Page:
Answering 7 Myths of Oprah and the “Many Ways to God” Worldview
Dont get me wrong. This is not a blog against Oprah, and everything she has done; and she has done many great things. But, when it comes to religion and faith, her position does not align with the word of God.
Certianly, Oprah is not alone in her position. She speaks for the culture we live in, a culture in which tolerance is the highest virtue, and any claim to exclusivity when it comes to faith is firmly rejected and opposed.
This blog answers 7 Myths often spoken by Oprah, and other pluralists who believe that there are many ways to God.
Here is a short video, where Oprah objects to the belief that Jesus is the only way to what she calls “God,” and this blog attempts to answer her fallacy.
“All religions are equally valid and basically teach the same thing.”
a) When skeptics say that, they really mean only some of the religions; they don’t count the sects that teach and practice child sacrifices, Nazis, and the leaders who lead their followers to massive suicide. By already excluding some religious groups and only including the religions that fit “some” frame work, the skeptics are themselves making a religious statement, and therefore, discredit their own objection.
b) When the pluralists make such a statement, they distort the claims of world religions by imposing their views upon them. Theylll typically describe God as “all loving God of the Universe…” But:
- Buddhists don’t believe in a personal God
- Judaism/Christianity/Islam’s God is not just a God of love, but also has attributes of justice, strength, and judgment.
c) When skeptics make that statement, they are saying that DOCTINE is unimportant;
- Insistence that doctrines do not matter is really a doctrine itself.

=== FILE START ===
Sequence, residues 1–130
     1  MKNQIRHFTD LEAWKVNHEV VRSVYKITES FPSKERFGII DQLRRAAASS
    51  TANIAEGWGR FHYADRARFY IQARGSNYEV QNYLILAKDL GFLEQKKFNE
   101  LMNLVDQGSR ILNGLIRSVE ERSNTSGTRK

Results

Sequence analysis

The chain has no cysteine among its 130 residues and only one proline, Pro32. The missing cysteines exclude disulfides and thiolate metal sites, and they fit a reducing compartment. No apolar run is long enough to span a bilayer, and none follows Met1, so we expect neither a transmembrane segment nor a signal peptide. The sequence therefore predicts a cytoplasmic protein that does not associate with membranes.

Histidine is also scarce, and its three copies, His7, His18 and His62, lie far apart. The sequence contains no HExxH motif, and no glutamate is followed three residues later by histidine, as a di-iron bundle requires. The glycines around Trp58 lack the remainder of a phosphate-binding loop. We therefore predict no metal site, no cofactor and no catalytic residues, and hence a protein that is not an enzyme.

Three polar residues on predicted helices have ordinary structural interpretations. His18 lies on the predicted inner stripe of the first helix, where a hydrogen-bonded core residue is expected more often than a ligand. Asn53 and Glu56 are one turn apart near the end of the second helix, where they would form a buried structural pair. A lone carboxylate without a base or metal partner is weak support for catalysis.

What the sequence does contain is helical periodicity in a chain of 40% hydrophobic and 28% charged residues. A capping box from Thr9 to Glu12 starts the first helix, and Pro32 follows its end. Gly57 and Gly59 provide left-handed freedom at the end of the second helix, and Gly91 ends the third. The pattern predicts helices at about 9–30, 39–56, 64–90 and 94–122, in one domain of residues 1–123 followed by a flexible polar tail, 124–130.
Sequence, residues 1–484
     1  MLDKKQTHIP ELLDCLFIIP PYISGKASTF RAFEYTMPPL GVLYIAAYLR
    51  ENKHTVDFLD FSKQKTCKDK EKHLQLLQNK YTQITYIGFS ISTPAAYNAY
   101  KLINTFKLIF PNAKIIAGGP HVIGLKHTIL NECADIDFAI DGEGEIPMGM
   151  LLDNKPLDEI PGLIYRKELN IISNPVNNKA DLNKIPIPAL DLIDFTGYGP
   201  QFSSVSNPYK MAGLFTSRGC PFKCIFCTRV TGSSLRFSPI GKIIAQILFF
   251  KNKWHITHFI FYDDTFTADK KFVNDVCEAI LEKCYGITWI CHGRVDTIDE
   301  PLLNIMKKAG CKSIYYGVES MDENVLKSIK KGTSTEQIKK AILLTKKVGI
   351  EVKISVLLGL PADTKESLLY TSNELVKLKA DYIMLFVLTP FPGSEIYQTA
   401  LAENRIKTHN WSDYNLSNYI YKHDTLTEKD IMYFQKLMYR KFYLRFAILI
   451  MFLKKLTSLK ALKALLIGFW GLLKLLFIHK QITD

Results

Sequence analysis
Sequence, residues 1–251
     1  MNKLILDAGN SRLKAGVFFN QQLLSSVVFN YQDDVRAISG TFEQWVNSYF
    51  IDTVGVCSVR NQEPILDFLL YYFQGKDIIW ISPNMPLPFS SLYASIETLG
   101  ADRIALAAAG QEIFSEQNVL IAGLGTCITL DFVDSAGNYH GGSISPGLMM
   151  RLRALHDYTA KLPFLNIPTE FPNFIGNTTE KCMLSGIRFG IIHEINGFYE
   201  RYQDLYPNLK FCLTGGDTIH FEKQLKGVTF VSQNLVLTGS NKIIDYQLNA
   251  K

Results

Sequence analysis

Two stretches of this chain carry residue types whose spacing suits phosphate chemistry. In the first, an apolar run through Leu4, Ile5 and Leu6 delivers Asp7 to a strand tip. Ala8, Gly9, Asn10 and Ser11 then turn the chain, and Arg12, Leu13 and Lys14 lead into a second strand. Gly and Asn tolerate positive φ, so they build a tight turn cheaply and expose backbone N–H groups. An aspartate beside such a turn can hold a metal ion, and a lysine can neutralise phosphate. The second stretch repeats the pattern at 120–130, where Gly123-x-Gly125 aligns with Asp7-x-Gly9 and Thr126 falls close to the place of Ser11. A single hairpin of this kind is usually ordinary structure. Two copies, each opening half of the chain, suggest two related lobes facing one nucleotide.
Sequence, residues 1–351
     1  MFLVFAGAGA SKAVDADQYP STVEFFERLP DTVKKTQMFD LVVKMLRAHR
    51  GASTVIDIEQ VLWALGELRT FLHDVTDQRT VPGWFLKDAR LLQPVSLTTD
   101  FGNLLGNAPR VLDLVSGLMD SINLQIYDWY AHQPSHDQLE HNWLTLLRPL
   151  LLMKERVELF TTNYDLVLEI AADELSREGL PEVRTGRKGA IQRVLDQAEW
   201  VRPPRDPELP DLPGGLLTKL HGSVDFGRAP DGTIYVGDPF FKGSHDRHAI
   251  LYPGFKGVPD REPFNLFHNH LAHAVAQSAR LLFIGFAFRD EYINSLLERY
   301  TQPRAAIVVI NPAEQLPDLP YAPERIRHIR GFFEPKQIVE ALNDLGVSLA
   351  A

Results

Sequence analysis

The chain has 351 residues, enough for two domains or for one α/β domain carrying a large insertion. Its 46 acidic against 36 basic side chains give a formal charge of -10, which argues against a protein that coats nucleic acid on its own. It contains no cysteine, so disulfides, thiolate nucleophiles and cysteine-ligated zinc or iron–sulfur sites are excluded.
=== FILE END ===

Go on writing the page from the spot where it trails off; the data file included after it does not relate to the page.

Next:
- They hold a “specific view” of God (that He is not fully unknowable, distant)
- They believe their view of God is correct
- Yet the skeptics forbid others from claiming that their view of God is correct
d) When other religions are placed in the same category as Christianity, the skeptics don’t fully understand the “Uniqueness of Jesus,” when compared to other religious leaders. Surely, no one debates the existence of Jesus. Atheists, Muslims, Buddhists believe Jesus existed. And most people like some of his teachings (the teachings about love, generosity, and not being a judge). But, Jesus made some radical claims, and, if one is to believe Jesus existed, he must deal w/ the claims Jesus made. Here are 2 examples in scriptures:
John 14:6 Jesus said to him, “I am the way, and the truth, and the life. No one comes to the Father except through me. (Interestengly, these words were spoken to Thomas, who then went on to India, a land of 330 million different gods, so preach on the exclusivity of Christ).
* John 10:33 The Jews answered him, “It is not for a good work that we are going to stone you but for blasphemy, because you, being a man, make yourself God.”
Muhammad, Buddha, Confucius, the Dalai Lama – none of them claimed to be God. That is what separates Jesus, and that’s what offends so many people.
* Other religious leaders say, “Follow me and I’ll show you how to find the truth.”
* Jesus says, “I am the truth.”
* Other religious leaders say, “Follow me and I’ll show you the way to salvation.”
* Jesus says, “I am the way to eternal life.”
* Other religious leaders say, “Follow me and I’ll show you how you can become enlightened.”